Wow – Chuck Hayden just finished quite a Pure Michigan adventure! Check out his story about just one leg of his epic journey.
It was 5:30 am and I had just roused myself from a fitful sleep to the birth of a new sunrise. The previous day, Lake Superior had heaved me on to the rocky shore of Salt Point between Tahquamenon Bay and the Bay Mills area. During the night, as I slept in the sandy grass of the beach, sheltered from the wind by my kayak, she calmed to a light wind. Now, as I prepared to launch my kayak, I was sure I could finish the last 20 miles before noon. The lake wasn’t completely calm, but after 3 days of rough seas, she was offering me a little peace and I urgently took the offer.
As the sun began to slowly erupt from the horizon, I spotted movement along the waterline. A reddish shape gracefully glided straight at me growing in size as it approached. I stood squinting, paddle clutched and I immediately recognized an adult fox and it was obvious he was about to run smack into me. I barked at him. He halted immediately and with a sudden extension of his neck, he darted quickly to the wood line. I mumbled to myself, “Pure Michigan”.
It was only day 6 of a 300 mile unsupported solo expedition through a big part of Michigan’s Upper Peninsula. I was sure that I would end the kayaking portion of the expedition today in Paradise. Then, I would transition to a mountain bike and ride back roads and fire trails to Grand Marais.
The previous few days had shown me 150 miles of Lake Huron, the St. Mary’s River and Lake Superior. I had set camp on Government Island in the moonlight, raised sail on a kayak to speeds that were a little too fast for my taste. North of Detour, I past the bow of a freighter that was literally peeking from the forest shore.
In the darkness of the second night, after battling the breaching waves, I knocked on the door of the Lime Island keeper’s quarters in a desperate hope of securing shelter in one of their cabins. The next day, as I dried my soaked equipment and repaired a leaky kayak, I explored the island and snacked from the island’s Mulberry Tree (one of the few left in Michigan). The island keepers, Janet and Howard, insisted that I join them for a venison stew supper and we chatted past a melting sunset with lumbering sailboats and freighters. A gaggle of Canada Geese circled the small harbor.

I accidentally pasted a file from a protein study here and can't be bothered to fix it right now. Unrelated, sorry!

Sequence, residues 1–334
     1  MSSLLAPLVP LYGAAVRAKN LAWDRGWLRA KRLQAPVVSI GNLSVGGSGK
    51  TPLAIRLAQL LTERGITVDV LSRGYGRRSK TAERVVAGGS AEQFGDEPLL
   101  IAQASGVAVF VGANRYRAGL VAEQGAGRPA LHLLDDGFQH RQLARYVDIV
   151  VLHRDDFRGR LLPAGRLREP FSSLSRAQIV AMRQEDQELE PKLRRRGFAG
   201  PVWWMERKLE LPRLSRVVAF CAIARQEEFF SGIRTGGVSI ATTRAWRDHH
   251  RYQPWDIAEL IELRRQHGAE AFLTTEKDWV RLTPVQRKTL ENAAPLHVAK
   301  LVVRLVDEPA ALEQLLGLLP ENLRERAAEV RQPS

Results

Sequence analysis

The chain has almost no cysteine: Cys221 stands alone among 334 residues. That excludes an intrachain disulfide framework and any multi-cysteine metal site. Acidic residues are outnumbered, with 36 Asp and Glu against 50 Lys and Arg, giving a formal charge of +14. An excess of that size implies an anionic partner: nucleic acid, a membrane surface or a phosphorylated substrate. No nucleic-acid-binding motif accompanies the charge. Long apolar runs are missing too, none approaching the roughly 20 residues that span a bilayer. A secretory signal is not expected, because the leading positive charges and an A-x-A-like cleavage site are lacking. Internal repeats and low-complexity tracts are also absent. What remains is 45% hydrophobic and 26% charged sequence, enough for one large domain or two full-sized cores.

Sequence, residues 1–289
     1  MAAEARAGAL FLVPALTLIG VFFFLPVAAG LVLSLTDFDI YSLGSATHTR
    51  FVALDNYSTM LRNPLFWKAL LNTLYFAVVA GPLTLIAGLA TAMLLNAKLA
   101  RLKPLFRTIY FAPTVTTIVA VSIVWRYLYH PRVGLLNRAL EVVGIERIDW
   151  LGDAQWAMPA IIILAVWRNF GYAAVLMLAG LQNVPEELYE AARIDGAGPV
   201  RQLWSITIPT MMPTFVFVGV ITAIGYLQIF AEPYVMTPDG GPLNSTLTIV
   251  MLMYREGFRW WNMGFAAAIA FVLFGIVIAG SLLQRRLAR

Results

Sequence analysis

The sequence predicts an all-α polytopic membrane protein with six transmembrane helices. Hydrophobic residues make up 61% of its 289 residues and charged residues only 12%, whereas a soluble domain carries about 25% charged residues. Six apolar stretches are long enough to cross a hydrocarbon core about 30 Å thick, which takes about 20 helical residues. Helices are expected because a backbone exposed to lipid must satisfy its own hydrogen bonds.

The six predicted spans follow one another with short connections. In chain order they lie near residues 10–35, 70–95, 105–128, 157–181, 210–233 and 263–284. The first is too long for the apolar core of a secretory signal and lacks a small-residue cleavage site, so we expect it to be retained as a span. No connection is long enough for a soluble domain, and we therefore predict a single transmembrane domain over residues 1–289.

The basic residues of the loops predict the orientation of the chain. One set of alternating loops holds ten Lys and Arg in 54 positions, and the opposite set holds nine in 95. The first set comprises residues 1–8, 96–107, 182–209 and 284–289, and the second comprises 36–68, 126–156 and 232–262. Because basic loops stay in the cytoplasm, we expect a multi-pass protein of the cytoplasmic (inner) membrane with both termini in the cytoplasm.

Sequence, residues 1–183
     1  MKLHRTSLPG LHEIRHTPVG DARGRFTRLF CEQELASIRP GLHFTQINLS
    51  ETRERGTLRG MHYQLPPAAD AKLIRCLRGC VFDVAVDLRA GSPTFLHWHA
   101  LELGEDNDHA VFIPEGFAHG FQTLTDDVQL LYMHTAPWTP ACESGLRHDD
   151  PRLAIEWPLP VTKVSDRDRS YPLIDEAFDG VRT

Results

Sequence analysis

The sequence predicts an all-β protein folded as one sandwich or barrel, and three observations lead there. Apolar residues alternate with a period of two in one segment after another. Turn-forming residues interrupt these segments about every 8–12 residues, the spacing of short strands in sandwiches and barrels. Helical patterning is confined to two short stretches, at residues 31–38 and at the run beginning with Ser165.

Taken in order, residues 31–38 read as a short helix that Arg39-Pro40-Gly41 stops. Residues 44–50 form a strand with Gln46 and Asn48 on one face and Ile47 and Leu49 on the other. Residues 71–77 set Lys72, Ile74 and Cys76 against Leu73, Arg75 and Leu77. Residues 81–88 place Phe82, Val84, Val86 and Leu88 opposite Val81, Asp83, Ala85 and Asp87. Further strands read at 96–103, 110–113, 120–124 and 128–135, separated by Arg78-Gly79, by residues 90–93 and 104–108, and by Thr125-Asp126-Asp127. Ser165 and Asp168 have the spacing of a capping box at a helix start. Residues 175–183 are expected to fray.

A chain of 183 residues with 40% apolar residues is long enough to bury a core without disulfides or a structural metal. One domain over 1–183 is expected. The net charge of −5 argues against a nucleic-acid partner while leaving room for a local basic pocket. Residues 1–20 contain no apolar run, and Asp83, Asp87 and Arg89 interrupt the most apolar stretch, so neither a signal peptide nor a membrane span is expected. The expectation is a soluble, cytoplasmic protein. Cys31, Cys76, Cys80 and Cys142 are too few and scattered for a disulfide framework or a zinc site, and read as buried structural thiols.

The next day, I paddled the river north through the narrow Neebish Island “rock cut”, earnestly listening to traffic reports on the marine radio for south bound freighters. I glided past the Neebish and Sugar Island ferries as they busily shuttled cars and cargo from mainland to island and back. I inquired with many friendly, dockside residents and shoreline visitors for possible accommodations in Sault Ste Marie. I was forced to portage the locks because the Canadian Locks are closed this season and the American Locks do not allow kayaks to lock through.
Soon, I met the mild fury of a windy summer on Lake Superior. The next few days were a struggle with stiff winds, low miles and near misses. I spent time in Brimley State Park for more repairs and conversations with campers from all over the States and Canada. We spoke loudly over the wind, trading travel plans and reviewed our recent journeys.
Eventually, I ended my kayaking leg on the shore at Paradise. The day was sundrenched and calm – I sighed deeply and sat on the wet sand for a long moment. I pondered the long journey and basked in the adventure that is Michigan and her inland seas.
As I hoisted my kayak on my shoulder to carry it to the equipment cache, I was soberly aware, that I was only halfway through my journey to Grand Island. Wilderness mountain biking and backpacking still lay ahead.
Chuck Hayden, Senior Member of the Fortune Bay Expedition Team (a not for profit group that explores the Great Lakes Region). Chuck recently completed a 300 Mile Solo Expedition of a large portion of Michigan’s Upper Peninisula. The Expedition (July 24th to Aug 4th, 2010) was completed by Kayaking 168 Miles, Mountain Biking 89 miles and Hiking over 45 miles. He resides in Lowell, Michigan with his wife Martha and Children, Charlotte and Noah.
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